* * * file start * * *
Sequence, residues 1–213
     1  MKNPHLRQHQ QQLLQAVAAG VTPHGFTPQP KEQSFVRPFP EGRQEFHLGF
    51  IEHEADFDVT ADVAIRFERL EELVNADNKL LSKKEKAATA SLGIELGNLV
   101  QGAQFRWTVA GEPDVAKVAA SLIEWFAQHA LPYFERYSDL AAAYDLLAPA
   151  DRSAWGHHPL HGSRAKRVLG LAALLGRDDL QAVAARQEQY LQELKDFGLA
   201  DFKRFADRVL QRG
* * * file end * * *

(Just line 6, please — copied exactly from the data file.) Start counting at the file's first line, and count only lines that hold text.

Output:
   201  DFKRFADRVL QRG